J Korean Ophthalmol Soc.  2019 Dec;60(12):1205-1215. 10.3341/jkos.2019.60.12.1205.

Electroretinography Changes in Feline Model of Iodoacetic Acid-induced Retinal Degeneration

  • 1Department of Ophthalmology, Kosin University College of Medicine, Busan, Korea. hhiatus@gmail.com
  • 2Department of Ophthalmology, Inje University College of Medicine, Busan, Korea.


We explored changes in photoreceptor function and histology in an iodoacetic acid (IAA)-induced model of feline retinal degeneration.
From January to October 2014, we studied 11 adult felines (22 eyes) over 2 years of age divided into two groups (two in a control and nine in an IAA group). The mean body weights of these two groups were 1.75 ± 0.35 and 1.61 ± 0.19 kg, and the male:female sex ratios 1:1 and 2:7, respectively. Electroretinograms (ERGs) were obtained before injection and at 1-4 week post-injection (20 mg/kg IAA). Standard paraffin retinal sections were stained with hematoxylin/eosin and other sections subjected to immunohistochemistry. We histologically evaluated the outer nuclear layer, and photoreceptor cone and rod cells.
In ERGs of the IAA group, both the rod and cone mean b wave amplitudes decreased significantly from week 1 to week 4 after injection (27.43, 29.41, 64.17, and 56.03; and 61.04, 51.25, 131.36, and 136.68 µV, respectively) compared to baseline (322.48 and 610.00 µV respectively) (p < 0.01). Optical microscopy revealed a significant decrease in the cell count of the outer nuclear retinal layer (16.83 ± 0.89 in the control and 11.98 ± 3.55 in the IAA groups, p < 0.01). Fluorescence microscopy revealed a significant reduction in the mean area per unit length of the rod cell layer (35,225.67 ± 2,477.02 and 14,903.62 ± 2,319.65 in the control and IAA groups, p < 0.01), but not in the cone cell count (26.16 ± 1.34 and 23.98 ± 6.16 in the control and IAA groups, p = 0.075).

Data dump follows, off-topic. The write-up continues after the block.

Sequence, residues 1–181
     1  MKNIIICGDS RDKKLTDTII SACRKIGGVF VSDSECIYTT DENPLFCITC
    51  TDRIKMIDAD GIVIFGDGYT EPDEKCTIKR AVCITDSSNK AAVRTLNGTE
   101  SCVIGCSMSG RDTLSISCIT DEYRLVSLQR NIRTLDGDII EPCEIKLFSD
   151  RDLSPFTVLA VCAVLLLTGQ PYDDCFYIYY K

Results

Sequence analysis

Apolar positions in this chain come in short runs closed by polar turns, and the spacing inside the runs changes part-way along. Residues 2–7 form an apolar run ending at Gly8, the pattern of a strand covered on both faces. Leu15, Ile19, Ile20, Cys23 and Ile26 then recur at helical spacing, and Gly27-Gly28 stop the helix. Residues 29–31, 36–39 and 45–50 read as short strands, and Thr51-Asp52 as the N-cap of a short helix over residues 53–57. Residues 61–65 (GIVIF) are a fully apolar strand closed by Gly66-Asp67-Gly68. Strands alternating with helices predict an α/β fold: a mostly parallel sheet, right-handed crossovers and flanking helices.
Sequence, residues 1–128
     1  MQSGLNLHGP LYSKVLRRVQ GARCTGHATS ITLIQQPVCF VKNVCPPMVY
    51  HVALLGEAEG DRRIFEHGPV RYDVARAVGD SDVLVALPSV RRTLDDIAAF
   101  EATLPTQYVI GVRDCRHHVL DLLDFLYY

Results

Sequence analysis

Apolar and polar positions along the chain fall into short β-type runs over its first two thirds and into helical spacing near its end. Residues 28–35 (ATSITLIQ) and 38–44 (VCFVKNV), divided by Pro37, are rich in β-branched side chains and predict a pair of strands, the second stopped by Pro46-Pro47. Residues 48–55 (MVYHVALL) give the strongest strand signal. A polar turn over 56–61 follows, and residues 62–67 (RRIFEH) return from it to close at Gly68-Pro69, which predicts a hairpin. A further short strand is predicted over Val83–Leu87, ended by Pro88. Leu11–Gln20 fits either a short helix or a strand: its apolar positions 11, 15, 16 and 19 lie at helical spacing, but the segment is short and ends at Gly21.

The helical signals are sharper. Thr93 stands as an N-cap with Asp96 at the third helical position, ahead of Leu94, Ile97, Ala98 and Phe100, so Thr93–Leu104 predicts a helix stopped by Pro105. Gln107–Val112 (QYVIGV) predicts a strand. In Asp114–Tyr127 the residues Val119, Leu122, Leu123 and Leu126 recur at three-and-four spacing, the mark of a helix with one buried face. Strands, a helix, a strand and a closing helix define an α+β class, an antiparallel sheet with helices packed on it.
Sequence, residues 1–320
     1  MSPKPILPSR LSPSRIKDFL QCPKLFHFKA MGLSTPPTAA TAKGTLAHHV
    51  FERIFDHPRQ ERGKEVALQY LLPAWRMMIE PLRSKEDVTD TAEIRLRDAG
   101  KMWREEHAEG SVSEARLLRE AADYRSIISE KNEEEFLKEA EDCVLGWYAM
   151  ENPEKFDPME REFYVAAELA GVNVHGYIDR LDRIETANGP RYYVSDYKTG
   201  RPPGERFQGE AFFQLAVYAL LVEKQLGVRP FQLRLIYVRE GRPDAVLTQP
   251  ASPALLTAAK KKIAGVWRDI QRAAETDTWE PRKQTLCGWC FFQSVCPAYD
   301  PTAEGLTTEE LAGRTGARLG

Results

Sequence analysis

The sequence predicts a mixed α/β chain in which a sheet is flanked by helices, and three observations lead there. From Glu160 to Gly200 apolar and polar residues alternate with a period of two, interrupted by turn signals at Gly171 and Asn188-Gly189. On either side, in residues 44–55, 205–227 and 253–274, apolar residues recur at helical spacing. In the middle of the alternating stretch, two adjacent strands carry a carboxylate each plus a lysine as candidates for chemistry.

ERGs revealed that functional b wave amplitudes fell after IAA-induce retinal degeneration in felines; histology showed that this was accompanied by reductions in the numbers of outer nuclear layers and rod cells. IAA induces photoreceptor degeneration in felines; further study is necessary.


Animal model; Electroretinography; Iodoacetic acid; Retinal degeneration

MeSH Terms

Body Weight
Cell Count
Iodoacetic Acid
Microscopy, Fluorescence
Models, Animal
Retinal Degeneration*
Sex Ratio
Iodoacetic Acid


  • Figure 1 A schematic of the left-eye feline fundus showing the locations and sizes of histological tissue samples. A = superiorly, the average distance between the pars plicata and pars plana; B = laterally, the average distance between the pars plicata and pars plana; C = Inferiorly, the average distance between the pars plicata and pars plana; D = medially, the average distance between the pars plicata and pars plana; E = superiorly, the average distance between the pars plana and ora serrata; F = laterally, the average distance between the pars plana and ora serrata; G = inferiorly, the average distance between the pars plana and ora serrata; H = medially, the average distance between the pars plana and ora serrata; I = the average distance from the superior optic disc margin to the superior ora serrata; J = the average distance from the lateral optic disc margin to the lateral ora serrata; K = the average distance from the inferior optic disc margin to the inferior ora serrata; L = the average distance from the medial optic disc margin to the medial ora serrata; M = the average distance from the superior optic disc margin to the superior tapetum lucidum; N = the average distance from the lateral optic disc margin to the lateral tapetum lucidum; O = the average distance from the inferior optic disc margin to the inferior tapetum lucidum.